Music Critic, Aimee Sargeant makes the case for Queen’s The Works as one of the iconic rock outfit’s best releases in this essential album review
I find it very difficult to pick just one essential album from Queen, but their eleventh album, The Works, is easily one of their most underrated albums. With the amount of huge hits and pure classics produced over their career, it’s hardly surprising that this album is anything less than brilliant. Yet, in my opinion, this is my favourite album created by Queen. Admittedly, Anyone who knows me, is aware that I have a deep love of Queen, so my view that they are one of the best rock bands to have existed comes as no surprise. However, The Works showcases their ability to bring out classic Rock sounds whilst also combining it with some other styles like funk, delivering some of the band’s biggest hits.
The aim of this album was to reignite Queen and lead them back to their rock roots after their previous album Hot Space flopped. The opening track ‘Radio Ga Ga’ showcased Queen’s return to their original sound. The lyricism of this song written by Roger Taylor is something to be in awe of. Making references to various events that happened on the radio like Winston Churchill’s 1940 “This was their finest hour” address and the hugely influential War of the Worlds broadcast, it is a crafted tribute to the radio formate as well as an iconic track. ‘Radio Ga Ga’ still remains one of Queen’s most listened to singles and was famously used in Queen’s Live Aid performance. Queen’s sound in this song is made monumental thanks Roger Taylor’s drumming to the Freddie Mercury’s vocals. What is clear from the start of this album is that Queen are a band that can never be replaced or replicated.
Queen are the classic household name of rock music with many children having grown up on a steady diet of their music. Especially since the release of the hugely successful rock-opera, ‘Bohemian Rhapsody’ in 2018, our nostalgic love the band has seemingly been reignited. The Works has many tracks which have touched lives from ‘I Want To Break Free’, written by John Deacon, which has a power to it and can have many meanings to different people, and ‘Hammer to Fall’ which is infectiously catchy with Brian May’s guitar riffs and chorus. These two singles are a force to be reckoned with as they stand out as some of the most played songs by Queen and show why they are one of their era.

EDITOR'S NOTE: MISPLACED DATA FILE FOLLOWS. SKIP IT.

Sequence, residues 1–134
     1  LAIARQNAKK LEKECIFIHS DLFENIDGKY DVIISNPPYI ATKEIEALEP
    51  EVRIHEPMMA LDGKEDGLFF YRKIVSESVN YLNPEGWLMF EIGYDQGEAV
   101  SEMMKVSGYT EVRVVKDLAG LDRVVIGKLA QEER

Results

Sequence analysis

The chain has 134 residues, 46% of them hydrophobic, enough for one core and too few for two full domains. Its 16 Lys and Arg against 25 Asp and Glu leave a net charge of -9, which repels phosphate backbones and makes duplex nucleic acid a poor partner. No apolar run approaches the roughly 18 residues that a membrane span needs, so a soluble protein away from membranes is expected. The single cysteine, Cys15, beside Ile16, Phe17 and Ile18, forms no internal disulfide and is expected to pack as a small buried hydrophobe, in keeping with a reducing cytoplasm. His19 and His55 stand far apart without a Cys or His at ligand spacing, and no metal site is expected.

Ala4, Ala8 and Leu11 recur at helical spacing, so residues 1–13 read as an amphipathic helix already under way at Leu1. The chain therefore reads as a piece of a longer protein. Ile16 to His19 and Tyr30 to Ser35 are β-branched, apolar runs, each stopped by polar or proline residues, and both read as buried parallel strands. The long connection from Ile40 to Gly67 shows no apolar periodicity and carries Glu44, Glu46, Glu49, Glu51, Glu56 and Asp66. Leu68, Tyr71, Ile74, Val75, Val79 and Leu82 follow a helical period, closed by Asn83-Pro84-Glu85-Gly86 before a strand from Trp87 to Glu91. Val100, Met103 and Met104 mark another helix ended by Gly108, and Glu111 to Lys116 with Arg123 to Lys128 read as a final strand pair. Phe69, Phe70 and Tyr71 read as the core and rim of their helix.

There is a mixing of rock and other influences like funk and more experimental sounds that Queen would pursue in the later album Innuendo in 1991, foreshadowed on The Works. ‘Is This the World We Created…?’ is an ode to the fear of the world that we all live in now, written after witnessing poverty abroad, this song still has a meaningful resonance with listeners today. This song thrives on the simplicity of Brian May’s acoustic guitar skills and touching lyrics arranged by Freddie Mercury. Their ability to deliver emotional moments as classic rock can be heard through this song and can similarly be seen in the album A Night at the Opera with ‘Love of My Life’.
Songs such as ‘Tear It Up’ and ‘I Go Crazy’ lean more towards the heavier rock that Queen were known for. These songs are a nod to their past and also have fantastic guitar solos and drumbeats from Roger Taylor. ‘Tear It Up’ has an ode back to ‘We Will Rock You’ from the album News of the World with the stomping drum beats and guitar riffs.
Queen’s The Works is one of the best albums from start to finish for me. From their endeavours to revive their old sound, to their simplicity, The Works captures some of the best of Queen’s artistry. It’s sound is one of the reasons why I love Queen. It is an essential album for its rich and full sound, the artistry that Queen are renowned for is present throughout this album in its spectrum of sounds. The Works is and always will be one of my favourite albums that I revisit all the time, however I’m feeling.
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